Dwelled then in the land, i.e. were the lords and owners of it; and therefore Abram and Lot could not take what pastures they pleased, but such as the others left them, which was not sufficient for their conveniency. It may also be added as a reason of Abram’s following motion, because that idolatrous people were present, and diligently observed all their contentions and other miscarriages; and would, doubtless, take occasion thence to disparage the true religion. And it must be remembered, that these are the words not of Abram, but of Moses; who, knowing that the Canaanites were then speedily to be turned out of the land, intimates that the case was otherwise in Abram’s days, when the Canaanites were possessed, and were likely to continue the possessors and lords of the land.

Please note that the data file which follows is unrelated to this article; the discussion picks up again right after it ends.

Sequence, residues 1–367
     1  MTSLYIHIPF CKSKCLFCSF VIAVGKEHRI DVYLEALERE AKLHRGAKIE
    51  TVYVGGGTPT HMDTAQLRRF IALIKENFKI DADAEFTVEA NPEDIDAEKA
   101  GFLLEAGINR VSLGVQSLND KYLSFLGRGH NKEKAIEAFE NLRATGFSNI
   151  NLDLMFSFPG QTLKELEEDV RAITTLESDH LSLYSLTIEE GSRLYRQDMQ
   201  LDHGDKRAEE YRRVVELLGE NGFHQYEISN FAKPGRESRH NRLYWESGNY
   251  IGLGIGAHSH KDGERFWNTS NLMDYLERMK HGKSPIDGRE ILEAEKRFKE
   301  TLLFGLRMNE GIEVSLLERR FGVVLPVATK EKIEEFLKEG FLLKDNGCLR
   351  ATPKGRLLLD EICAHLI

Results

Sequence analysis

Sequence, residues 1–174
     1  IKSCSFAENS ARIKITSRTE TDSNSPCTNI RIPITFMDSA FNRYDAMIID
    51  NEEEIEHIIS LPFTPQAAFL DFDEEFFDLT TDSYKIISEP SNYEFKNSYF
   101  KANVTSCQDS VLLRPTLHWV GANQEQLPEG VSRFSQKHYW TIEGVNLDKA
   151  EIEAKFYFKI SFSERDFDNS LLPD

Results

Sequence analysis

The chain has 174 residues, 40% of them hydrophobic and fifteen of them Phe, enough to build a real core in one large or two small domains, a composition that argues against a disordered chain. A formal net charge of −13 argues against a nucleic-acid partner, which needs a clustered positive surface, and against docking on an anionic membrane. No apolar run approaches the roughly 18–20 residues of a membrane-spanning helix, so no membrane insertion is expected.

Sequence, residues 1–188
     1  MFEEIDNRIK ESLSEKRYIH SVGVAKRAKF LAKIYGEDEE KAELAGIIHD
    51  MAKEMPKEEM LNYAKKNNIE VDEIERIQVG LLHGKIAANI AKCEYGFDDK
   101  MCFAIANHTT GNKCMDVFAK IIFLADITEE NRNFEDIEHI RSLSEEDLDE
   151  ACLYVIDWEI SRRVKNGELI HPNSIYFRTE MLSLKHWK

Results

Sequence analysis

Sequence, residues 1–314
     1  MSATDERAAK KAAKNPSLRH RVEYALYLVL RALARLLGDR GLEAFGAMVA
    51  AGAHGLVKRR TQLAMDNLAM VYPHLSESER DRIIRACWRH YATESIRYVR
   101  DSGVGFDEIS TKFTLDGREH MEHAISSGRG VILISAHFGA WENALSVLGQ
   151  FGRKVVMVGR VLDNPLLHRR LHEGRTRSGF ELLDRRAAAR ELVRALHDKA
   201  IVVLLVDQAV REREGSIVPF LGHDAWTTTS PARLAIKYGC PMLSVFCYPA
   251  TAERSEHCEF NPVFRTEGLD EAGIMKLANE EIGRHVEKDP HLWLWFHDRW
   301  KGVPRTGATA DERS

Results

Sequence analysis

Abram said unto Lot. The elder, and wiser, and worthier person relinquisheth his own right to his inferior for peace sake, leaving us a noble example for our imitation.
Between me and thee, and between; or, or between, & c., and for or, as Exodus 21:17 Psalms 8:4, compared with Matthew 15:14 Hebrews 2:6, for there was no strife between Abram and Lot, though he feared it might pass from the feet to the head.
For we be brethren, i.e. both by nature near kinsmen, as the word brother is oft used, and in the faith and religion too, amongst whom contentions are very indecent and scandalous.
Is not the whole land before thee? i.e. open to thy view, and free to choose which part thou pleasest, as thou canst agree with the owners: I give thee full power to choose before me. See a like phrase, Genesis 20:15 34:10,21 47:6.